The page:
Rule #4 – Always have fun – whether at your own, or better yet – someone else’s expense.

Seeing Hugh’s rig high centered on a few rocks reminds me how much fun wheeling is – especially when you’re watching someone else do something cool that you really wouldn’t want to have to go fix on your own rig……

Rule #5 – Never go out alone.

Not that I’m an unbeliever, but I was reminded of this little maxim – oh at least 5 times during the day. We drove across the creek, through the deep puddles, up the power line through another stream, when Brianna’s rig started to pop and sputter. So we all pulled over, and Hugh did a little diagnosing. Water and ignition systems just don’t mix very well. After a little paper towel blotting in the old d-cap, we were good to go again. We were heading up to the sand pit on the power line, when we heard some guy, alone of course, in a big Ford pickup doing a radio check, and when we answered back, he was asking for help to get out of a mud hole he’d driven into. I think the “sucks to be you” response was at least in our consciousness, if not actually uttered. Also – about the same time he called, some other folks coming down the trail told us we needed to get up the trail to yank some solitary Chevy pickup that was about to roll off the road somewhere. I think we actually did say that it sucked to be him too, since we had our hands full of an incident, caused by another rule infraction, voiced next….

Rule #6 – If you don’t know and can’t see what you’re about to drive over, stop, get out, and LOOK!

As I was leading the group, I was trying to stay in the lines that weren’t too outrageous. In the past, the sand pit on the power line trail has provided some mighty fine entertainment with the way it can get washed out. This time – it was like driving up I-5, it was so civilized. So imagine my surprise when the radio crackled to life, with Hugh’s voice an octave or 2 higher than usual saying “BRI – TURN RIGHT, TURN RIGHT!!!!!!!!!!!!!!!!!!…. Bri’s on her side….” Now – I didn’t know exactly how Brianna could have accomplished this feat without a little effort – but when we got myself, Terry, and new guy Bill turned around, there was Bri’s Jeep – on its side (actually almost threatening to go totally upside down) windshield frame buckled, glass on the ground, with the drivers door tossed out, and a few other things kinda blowing around. Except for a small cut on her finger, Bri emerged unscathed, “enjoying” a whomping adrenalin rush.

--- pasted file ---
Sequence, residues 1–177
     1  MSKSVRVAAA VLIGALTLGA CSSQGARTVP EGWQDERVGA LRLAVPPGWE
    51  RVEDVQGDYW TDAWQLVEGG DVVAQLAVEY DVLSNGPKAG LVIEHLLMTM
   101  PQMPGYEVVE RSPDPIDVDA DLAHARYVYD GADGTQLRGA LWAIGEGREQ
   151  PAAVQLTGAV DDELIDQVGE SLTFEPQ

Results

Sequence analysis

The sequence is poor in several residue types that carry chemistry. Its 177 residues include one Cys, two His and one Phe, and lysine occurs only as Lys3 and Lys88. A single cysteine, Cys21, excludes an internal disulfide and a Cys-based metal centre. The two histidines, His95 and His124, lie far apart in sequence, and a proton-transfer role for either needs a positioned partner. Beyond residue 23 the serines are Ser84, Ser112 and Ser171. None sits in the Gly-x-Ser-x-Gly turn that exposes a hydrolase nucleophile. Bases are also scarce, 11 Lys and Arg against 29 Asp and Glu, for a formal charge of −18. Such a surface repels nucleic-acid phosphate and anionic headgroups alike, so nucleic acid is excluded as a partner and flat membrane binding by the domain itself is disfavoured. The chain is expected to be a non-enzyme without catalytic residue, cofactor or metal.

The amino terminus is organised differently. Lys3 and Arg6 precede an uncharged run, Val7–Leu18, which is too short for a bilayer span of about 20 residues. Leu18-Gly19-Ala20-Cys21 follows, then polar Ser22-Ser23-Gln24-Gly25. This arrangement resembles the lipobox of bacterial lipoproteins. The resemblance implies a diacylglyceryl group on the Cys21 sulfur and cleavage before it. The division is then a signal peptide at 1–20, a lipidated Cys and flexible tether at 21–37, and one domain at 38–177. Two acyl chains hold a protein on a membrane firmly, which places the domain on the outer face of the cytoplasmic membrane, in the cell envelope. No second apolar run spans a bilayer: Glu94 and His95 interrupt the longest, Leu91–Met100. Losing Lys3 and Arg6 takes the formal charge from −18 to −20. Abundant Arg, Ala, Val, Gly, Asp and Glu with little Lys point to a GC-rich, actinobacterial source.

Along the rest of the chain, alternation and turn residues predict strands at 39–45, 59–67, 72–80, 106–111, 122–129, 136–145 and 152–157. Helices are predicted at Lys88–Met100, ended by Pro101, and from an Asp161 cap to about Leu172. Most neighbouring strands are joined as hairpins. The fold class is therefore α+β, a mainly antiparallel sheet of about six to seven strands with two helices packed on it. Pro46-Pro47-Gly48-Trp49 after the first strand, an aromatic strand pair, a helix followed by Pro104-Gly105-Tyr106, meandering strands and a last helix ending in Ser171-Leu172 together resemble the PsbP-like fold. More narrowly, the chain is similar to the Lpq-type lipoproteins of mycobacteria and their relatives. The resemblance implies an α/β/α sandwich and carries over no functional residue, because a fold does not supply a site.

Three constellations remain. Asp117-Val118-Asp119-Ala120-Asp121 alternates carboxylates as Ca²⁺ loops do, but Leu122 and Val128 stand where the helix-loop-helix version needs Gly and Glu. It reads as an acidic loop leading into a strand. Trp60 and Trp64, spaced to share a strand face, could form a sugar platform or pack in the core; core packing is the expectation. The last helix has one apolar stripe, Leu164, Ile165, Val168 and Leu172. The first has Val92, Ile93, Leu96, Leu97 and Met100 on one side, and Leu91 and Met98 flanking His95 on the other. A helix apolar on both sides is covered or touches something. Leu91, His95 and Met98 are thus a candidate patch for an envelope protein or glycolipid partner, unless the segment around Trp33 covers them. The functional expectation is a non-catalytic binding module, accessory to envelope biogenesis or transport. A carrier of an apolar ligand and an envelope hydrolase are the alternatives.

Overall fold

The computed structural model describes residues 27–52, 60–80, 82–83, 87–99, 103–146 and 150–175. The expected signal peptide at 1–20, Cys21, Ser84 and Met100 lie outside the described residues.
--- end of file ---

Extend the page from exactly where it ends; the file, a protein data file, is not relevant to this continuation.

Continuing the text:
I asked her what happened – and I believe her response was something like, “Well – I couldn’t see what was in front of me, so I just kept going.” Basically – Bri had taken a line that, because of the sand pit’s ever eroding nature, ended in thin air. If she’d taken it straight on – it would’ve been a very exciting, but doable nosedive. But just to drive off a 15 foot straight down drop at a slight angle – well – let’s just say – it was Bri’s day to take the advanced course in the school of hard knocks of wheeling education.

Rule#7 – Always wear a safety belt.

Well – this is such a simple rule, we shouldn’t even have to mention it. But the funny thing about common sense, is that it just isn’t common enough. Fortunately – Brianna abided by this rule and personally came out of her little tumble with nothing more than a scratched finger – and a great story to tell. A few years ago, a guy rolled his rig at Reiter and died from it, because he just apparently couldn’t get around to buckling into his 5-point harness that, upon rolling, uselessly mocked him as his life drained away.

Rule#8 – Always carry items to assist you in recovery and repair.

Hugh and I sure got to show off all the nifty toys you can use when an event of this nature occurs. So Hugh’s (1) winch got attached to his (2)strap to pull Brianna’s Jeep back on its wheels. While we held the Jeep on 2 wheels with the strap, Bri actually had the guts to get back in, start it, and drive it up to a more level area. Then, I employed my (3) highlift, jacking from the floorboards into the windshield frame to do a little straightening. That was after we decided that Ilene’s (4) hammer wasn’t going to be big enough to do the job. Wanting to make sure Bri didn’t freeze in the breeze on the way home, we took some (5, 6) rags, and wiped down the shattered windshield glass and beat up frame, so we could securely (7) duct tape the windshield back in. At this time, there was much manly muttering going on sounding like a Tool Time episode “Broken windshield – bad! Duct tape – Good! (ahr, ahr, ahr….)” The roll had knocked most of the air out of Bri’s right rear tire, so I broke out my (8) on board air to fill it back up. Missing any one of these tools would have drastically altered the successful outcome of fixing the results of this roll.